Speaking of Habits…

Here’s a bad habit we haven’t talked about yet:  not reviewing books we read.

I confess that I seldom do this, for these reasons:

  • If the book’s been around for a while and already has a gazillion reviews, I don’t figure it needs one more.
  • If I don’t particularly care for the book, I feel compelled by professional courtesy to keep quiet about it. This is true for authors I don’t know as well as those I do.
  • If I do like it, it probably already has enough reviews and doesn’t need one from a nobody like me.
  • Laziness. If I’m reading for pleasure, I don’t want to add the work of writing a review afterward. What, am I in school or something?

Occasionally someone will ask for a review. When that happens, I’ll usually comply, but not always. A couple of times I declined because, well… my mother always taught me if you can’t say something nice, don’t say anything at all. On one occasion, the book was so bad I couldn’t even read it.

All in all, I’m not usually eager to write reviews. But shame on me! As an author, I know how important reviews are. No, Stephen King doesn’t need my help, but small-potatoes authors like me need all the reviews we can get. Many promotional services won’t accept a title that doesn’t have a certain number of Amazon reviews. Larger numbers of reviews help improve a book’s Amazon ranking, making it more visible. And bookstores are more likely to stock a book with a higher ranking and many reviews. So you see, we authors don’t crave reviews just to stoke our egos; they’re absolutely necessary for a book’s success.

If reviewing books intimidates you, rest easy. It doesn’t have to be difficult! In most cases, there’s to required format, and reviews don’t have to be long and involved. Take Ane Mulligan’s Amazon review of Stillwaters, for example:

Where should you post your reviews? Amazon, certainly, and also Goodreads. Those are the biggies. But if you feel inclined, you can post reviews to Barnes & Noble, Booktopia, other places online where books are sold, or your own blog. But Amazon is primo.

Am I writing this post for the purpose of begging for reviews? Yes. Absolutely. I need reviews!

But I’m also resolving to start reviewing books more often myself. In fact, I recently posted a review of a nice little book I ran across not long ago, Faith Unexpected: Real stories of people who found what they never imagined.  It is exactly as the title describes, and I won’t elaborate other than to say I enjoyed the book. If you look for it on Amazon, you’ll see my review.

It’s the sort of book that would be good to give as a gift to someone who’s “on the fence” as far as following Christ is concerned. A person who’s antagonistic toward the gospel wouldn’t appreciate it, but someone who’s curious probably would.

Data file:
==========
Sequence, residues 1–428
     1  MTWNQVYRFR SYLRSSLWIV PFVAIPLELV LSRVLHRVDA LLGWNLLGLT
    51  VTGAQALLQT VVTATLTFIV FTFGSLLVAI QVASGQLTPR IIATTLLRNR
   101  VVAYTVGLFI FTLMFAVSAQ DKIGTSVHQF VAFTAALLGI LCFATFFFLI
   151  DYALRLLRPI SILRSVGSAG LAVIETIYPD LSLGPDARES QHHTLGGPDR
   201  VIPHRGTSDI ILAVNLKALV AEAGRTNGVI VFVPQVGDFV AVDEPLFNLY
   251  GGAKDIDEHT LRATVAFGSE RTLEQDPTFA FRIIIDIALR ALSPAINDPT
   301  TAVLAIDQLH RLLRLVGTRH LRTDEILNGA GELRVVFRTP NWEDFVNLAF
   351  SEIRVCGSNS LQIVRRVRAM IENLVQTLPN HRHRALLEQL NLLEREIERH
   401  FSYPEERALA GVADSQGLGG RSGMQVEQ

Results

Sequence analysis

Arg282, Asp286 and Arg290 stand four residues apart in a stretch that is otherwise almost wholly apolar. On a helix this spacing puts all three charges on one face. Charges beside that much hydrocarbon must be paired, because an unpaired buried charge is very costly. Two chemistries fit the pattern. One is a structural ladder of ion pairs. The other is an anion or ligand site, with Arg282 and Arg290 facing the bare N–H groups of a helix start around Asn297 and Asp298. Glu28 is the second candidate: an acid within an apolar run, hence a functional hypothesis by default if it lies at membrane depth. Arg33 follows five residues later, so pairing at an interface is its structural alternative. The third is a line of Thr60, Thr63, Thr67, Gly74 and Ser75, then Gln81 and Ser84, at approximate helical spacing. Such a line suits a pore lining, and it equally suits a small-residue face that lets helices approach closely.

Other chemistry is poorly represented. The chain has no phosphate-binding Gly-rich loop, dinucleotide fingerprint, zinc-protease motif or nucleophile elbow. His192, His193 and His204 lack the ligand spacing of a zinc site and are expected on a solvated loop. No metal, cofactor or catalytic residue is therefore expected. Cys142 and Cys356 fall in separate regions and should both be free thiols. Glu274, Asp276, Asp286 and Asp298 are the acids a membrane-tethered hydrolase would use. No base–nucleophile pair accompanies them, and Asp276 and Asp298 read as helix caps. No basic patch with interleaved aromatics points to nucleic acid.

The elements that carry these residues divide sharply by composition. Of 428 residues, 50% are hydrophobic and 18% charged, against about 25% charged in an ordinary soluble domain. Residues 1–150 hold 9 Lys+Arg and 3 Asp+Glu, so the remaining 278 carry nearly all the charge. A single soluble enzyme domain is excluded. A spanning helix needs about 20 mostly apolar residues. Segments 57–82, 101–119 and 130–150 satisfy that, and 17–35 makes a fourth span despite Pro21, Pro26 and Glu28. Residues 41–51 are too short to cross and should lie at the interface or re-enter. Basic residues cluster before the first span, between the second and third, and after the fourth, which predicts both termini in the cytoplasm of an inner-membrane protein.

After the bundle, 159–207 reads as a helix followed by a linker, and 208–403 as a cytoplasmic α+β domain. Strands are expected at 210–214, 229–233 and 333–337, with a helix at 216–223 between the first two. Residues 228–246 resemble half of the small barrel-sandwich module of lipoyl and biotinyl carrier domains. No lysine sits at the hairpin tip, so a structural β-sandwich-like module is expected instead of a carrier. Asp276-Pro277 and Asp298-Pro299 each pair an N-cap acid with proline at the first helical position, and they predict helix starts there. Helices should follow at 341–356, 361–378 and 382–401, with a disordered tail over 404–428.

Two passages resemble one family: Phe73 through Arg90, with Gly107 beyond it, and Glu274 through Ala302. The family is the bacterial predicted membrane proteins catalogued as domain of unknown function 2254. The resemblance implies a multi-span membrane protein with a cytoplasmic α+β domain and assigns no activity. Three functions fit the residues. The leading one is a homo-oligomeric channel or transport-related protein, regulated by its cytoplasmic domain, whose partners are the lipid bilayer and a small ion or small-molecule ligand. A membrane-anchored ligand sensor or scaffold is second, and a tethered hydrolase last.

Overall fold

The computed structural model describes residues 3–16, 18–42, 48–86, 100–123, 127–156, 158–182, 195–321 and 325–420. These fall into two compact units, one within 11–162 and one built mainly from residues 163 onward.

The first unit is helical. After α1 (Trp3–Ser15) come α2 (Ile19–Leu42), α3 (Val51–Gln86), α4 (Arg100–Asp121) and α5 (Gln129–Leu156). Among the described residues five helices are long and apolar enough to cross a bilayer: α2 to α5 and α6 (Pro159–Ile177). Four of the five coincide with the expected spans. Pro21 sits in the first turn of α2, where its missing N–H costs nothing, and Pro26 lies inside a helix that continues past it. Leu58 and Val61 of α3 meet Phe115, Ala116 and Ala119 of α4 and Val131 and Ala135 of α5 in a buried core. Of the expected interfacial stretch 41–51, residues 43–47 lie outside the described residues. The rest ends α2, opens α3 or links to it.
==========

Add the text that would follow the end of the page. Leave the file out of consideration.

I don’t read as much as I’d like to, but I hereby resolve to make more of an effort to review the ones I read. At least, new books. I don’t think I’ll bother reviewing old classics.

Do you post reviews on Amazon? If you haven’t yet, would you please review mine (if you’ve read any)?

Yes, I’m begging—with apologies for the lack of dignity.

Share this:
Share this page via Email Share this page via Stumble Upon Share this page via Digg this Share this page via Facebook Share this page via Twitter

Publication Primer: 15 Points to Ponder

You can’t hang out in writerly circles more than a minute or two without hearing the topic file0001336424447of traditional publication v. self-publication discussed. It’s big; very big. And for a very good reason.

Used to be, it was a matter of pride, vanity (hence the old moniker “vanity press”), and bucks: if you wanted to see your name in print and had the money to see it happen, you paid someone to publish your book. You could be pretty sure no one would ever buy it, and it was also a good bet that if anyone ever did, they’d be sorry. The quality was notoriously bad, from the printing to the binding and usually the writing itself (because if it was worth anything, a traditional publisher would have eventually accepted it), and the cost was notoriously high. The companies producing those vanity books seldom offered editing services, and if they did, their input was minimal. I’ve heard of books being produced with missing pages, upside-down pages, and other glaring errors, with the author having to pay for a re-print if he wanted them corrected. Not good.

file6681269982727Traditional publication is usually defined as publication through a company that pays you to publish your book rather than the other way around. In recent years, traditional presses have been going under at an alarming rate, and at the same time, with the advent of personal computers and easy-to-use writing software, authors are churning out manuscripts like never before. The result is a raging flood of authors seeking publication in a market that’s only equipped to handle a trickle. Not good.